01 Jun 2009
Inside the Partnershipby Garry EmmonsTopics:
Two Great Men of Goldman Sachs
In his book The Partnership: The Making of Goldman Sachs (Penguin Press, 2008), Charles D. Ellis (MBA ’63) explores the growth of Wall Street’s most celebrated firm, from its humble origins in 1869 as a dealer in commercial paper to what Ellis describes as a “global juggernaut.” While much has changed for Goldman and other investment firms in the last year, its rise to prominence — driven by extraordinary individuals — is a matter of record. The following excerpts from The Partnership look at two of its greatest leaders, Sidney J. Weinberg and John C. Whitehead (MBA 11/ ’47), and the impact they had both on Goldman and Wall Street itself.
Mr. Weinberg Goes to Washington
In 1907, the brash and irreverent Sidney Weinberg, one of eleven children of a Polish immigrant, began his Goldman career at age 16 as a janitor’s assistant. After the 1929 stock market crash revealed disastrous investments made by his superiors, Weinberg, who became head of the firm in 1930, worked tirelessly throughout the Great Depression and World War II to keep the firm alive. At the same time, in service to his country, Weinberg offered his financial savvy and organizational skills to the man Wall Street loved to hate, President Franklin D. Roosevelt, as detailed in this excerpt from the chapter “The Long Road Back.”
Having tasted politics in 1932 by working for Franklin D. Roosevelt as a member of the Democratic Party’s National Campaign Finance Committee, where he raised more money than any other member, Weinberg launched a long series of relationships with occupants of the White House that would continue for more than thirty-five years. Almost everybody on Wall Street voted against FDR, and many distrusted him or literally hated him. For Weinberg this was an opportunity to go the other way and reach out to be helpful to the president, and he took it. In 1933 the president had him organizing the Business Advisory and Planning Council, through which corporate executives could present their views to the government with an assured hearing. And suddenly, there he was — a Jew from a Jewish firm of no great stature on Wall Street — extending as valuable an invitation as a business executive could have: to be one of the corporate executives who would meet with the top people in government and speak on behalf of the American business community.
The council became the bridge between business and government during the New Deal, helping coordinate business and government relations, clearing up misunderstandings, and restoring confidence....With an engaging personality and a great gift for gab, [Weinberg] was a star of the show and was soon known to everybody. He knew exactly how to capitalize on all these contacts. With his subsequent War Production Board service, he soon became the number one go-to man between corporate America and the U.S. government.
President Roosevelt paid Weinberg a singularly handsome tribute, considering the source, by conferring on him the nickname “The Politician.” In recognition of his ability to handle touchy problems smoothly and effectively, FDR also offered him a number of federal appointments — including cabinet positions — and nearly proposed him for the new Stock Market Board, the predecessor to the Securities and Exchange Commission…In 1938 he was informally offered the post of ambassador to the Soviet Union. The Russians had already been sounded out and had accepted Weinberg, but when he realized that anti-Semitism was gathering momentum there, he graciously begged off, mischievously saying: “I don’t speak Russian. Who the hell could I talk to over there?” ...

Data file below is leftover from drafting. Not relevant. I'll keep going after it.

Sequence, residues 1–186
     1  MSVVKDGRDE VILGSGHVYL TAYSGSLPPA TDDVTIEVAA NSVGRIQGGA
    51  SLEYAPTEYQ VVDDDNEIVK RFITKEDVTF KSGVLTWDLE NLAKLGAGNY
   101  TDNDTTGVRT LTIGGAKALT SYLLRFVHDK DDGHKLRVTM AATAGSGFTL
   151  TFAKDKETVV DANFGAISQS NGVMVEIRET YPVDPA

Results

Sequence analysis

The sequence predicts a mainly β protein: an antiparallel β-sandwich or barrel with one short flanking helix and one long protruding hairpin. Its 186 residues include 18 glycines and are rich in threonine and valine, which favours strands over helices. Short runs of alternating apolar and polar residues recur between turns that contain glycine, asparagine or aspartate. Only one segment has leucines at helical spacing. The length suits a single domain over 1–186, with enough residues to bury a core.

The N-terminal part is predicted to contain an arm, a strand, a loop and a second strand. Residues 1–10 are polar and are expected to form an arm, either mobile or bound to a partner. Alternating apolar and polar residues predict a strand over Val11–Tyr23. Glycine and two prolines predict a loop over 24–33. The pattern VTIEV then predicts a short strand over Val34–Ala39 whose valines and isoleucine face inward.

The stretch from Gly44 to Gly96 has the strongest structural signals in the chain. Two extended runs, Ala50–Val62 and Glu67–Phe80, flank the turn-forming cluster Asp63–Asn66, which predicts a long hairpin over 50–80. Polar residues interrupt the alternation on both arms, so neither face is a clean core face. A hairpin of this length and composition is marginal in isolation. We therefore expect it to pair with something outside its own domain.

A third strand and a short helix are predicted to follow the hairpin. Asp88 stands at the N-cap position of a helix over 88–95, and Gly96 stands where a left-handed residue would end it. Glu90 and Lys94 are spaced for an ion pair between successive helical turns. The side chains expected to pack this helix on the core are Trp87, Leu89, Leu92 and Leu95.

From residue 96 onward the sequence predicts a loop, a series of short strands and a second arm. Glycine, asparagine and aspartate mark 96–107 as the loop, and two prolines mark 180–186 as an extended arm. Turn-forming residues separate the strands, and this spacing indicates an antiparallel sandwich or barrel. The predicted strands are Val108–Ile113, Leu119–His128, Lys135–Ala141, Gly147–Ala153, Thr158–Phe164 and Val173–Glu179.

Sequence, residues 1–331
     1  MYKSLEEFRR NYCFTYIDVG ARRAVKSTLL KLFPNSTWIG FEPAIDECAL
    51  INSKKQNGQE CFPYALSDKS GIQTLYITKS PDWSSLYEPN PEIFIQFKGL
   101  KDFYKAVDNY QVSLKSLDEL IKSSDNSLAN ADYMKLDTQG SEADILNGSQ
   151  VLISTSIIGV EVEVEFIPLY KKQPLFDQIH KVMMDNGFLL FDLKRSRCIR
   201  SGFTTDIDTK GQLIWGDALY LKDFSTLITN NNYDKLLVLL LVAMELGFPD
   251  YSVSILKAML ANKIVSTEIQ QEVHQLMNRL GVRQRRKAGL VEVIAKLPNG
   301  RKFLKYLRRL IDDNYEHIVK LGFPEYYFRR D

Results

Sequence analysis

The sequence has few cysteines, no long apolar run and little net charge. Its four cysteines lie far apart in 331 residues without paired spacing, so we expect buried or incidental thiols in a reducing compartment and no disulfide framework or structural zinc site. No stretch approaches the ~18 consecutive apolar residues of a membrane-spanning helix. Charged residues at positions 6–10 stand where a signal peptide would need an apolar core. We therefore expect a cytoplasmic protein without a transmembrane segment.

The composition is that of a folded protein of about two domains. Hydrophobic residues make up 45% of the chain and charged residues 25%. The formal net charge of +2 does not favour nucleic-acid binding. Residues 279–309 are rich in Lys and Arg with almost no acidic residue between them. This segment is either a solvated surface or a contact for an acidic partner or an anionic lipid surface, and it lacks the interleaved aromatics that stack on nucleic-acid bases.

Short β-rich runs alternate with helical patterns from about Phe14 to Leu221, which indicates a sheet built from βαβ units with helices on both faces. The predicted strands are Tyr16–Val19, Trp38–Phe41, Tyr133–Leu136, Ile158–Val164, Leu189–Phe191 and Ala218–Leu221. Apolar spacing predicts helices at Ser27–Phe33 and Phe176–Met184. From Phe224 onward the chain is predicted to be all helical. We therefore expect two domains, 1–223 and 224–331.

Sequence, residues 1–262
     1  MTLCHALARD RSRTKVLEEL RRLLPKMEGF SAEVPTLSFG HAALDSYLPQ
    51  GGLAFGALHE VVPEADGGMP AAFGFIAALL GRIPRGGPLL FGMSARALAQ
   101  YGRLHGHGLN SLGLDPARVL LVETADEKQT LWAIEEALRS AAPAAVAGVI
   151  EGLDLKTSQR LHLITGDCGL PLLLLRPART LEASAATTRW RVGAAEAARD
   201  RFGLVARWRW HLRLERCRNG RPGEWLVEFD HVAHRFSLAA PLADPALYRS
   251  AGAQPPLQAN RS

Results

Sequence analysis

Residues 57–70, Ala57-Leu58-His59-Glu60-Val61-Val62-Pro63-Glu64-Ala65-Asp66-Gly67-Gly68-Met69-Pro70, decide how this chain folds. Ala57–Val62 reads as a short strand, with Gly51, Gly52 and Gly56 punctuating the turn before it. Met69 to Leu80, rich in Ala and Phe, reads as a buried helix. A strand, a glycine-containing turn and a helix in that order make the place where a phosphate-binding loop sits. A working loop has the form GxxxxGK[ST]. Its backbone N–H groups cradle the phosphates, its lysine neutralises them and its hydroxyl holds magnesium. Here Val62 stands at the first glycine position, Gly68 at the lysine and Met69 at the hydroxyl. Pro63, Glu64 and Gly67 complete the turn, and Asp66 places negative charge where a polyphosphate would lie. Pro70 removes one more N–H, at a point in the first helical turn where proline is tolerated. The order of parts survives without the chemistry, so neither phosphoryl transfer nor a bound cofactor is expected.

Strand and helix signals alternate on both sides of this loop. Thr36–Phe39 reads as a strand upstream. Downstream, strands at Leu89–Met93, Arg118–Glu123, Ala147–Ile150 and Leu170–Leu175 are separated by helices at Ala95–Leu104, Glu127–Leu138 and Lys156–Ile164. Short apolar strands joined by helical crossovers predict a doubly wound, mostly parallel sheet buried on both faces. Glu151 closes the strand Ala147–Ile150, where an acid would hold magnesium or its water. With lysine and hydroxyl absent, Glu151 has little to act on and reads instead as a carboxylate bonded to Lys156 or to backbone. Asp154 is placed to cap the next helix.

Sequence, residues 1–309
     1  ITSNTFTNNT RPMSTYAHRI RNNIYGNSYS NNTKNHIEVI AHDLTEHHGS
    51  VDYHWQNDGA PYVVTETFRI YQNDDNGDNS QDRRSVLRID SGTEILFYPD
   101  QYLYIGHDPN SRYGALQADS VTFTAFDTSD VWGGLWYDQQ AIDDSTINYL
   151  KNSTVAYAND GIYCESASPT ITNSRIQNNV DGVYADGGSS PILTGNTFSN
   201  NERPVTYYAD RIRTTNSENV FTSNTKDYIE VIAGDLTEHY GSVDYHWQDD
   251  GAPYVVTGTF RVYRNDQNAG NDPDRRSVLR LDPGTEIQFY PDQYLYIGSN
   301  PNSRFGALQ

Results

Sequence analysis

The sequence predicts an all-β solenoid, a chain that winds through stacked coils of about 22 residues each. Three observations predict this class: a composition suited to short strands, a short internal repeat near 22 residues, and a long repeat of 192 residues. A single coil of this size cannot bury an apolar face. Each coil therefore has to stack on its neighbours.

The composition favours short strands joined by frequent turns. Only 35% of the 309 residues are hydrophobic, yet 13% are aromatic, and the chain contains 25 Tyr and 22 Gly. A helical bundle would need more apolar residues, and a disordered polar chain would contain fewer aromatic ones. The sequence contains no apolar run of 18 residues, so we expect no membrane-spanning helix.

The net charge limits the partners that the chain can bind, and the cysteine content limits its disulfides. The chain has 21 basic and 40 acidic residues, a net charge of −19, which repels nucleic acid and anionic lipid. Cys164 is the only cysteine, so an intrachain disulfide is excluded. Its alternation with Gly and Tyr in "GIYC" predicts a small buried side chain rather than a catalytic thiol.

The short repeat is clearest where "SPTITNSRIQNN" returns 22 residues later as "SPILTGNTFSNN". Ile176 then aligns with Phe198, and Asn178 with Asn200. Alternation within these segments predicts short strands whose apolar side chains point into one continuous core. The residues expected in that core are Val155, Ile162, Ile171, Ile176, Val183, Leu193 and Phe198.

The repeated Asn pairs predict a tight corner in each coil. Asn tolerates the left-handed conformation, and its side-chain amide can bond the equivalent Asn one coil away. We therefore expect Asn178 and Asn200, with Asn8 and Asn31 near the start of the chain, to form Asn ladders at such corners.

In 1939 Weinberg got another assignment: conducting an exhaustive study of investment banking for FDR, with particular attention to the wholesale and retail distribution of securities. Again and again, Weinberg said that “government service is the highest form of citizenship,” and as World War II began, he joined up full-time. “I’ll never take a job in government in peacetime, but I’ll take any job in time of war.”…
He advanced to be chief of the Bureau of Clearances, where he was paid the classic wartime patriot’s one dollar a year. On January 26, 1942, Weinberg was made assistant to the chairman of the War Production Board....To get the numerous topflight young executives he needed, Weinberg called on practically every giant corporation in America, met one-on-one with the CEO, and explained his mission clearly and forcefully: “Our nation is in grave danger. America needs an enormous number of talented executive leaders to organize a massive war production effort. The President has sent me here to get your help in identifying your very best young men. We need the smartest young stars you’ve got. And don’t you even think of passing off older men or second-raters. I’m asking the same thing of every major company in the country, and I’ll be watching very closely how well your men do compared to the best young men from all the other corporations. God forbid the people you pick are less than the best because God, President Roosevelt, and I would never, ever forgive you.”
Affectionately called “the body snatcher” by FDR because his CEO meetings proved so very effective, Weinberg rapidly accumulated an extraordinary advantage for an investment banker: He got to know large numbers of America’s best young executives and to see firsthand how effective each one really was, what work he was best at, and with whom he worked particularly well. After the war, hundreds of these same executives went back to run their companies, and many decided to make Sidney Weinberg their investment banker….He became a high-volume, high-level matchmaker who was discreet, got things done quietly and effectively, and was remarkably successful. More than anything else, the power and stature Weinberg accumulated during the war years — plus his remarkable one-to-one relationships with America’s top executive talent and his encyclopedic knowledge of the skills and personalities of many top executives — boosted the stature of Sidney Weinberg.
Mr. Whitehead Shapes the Future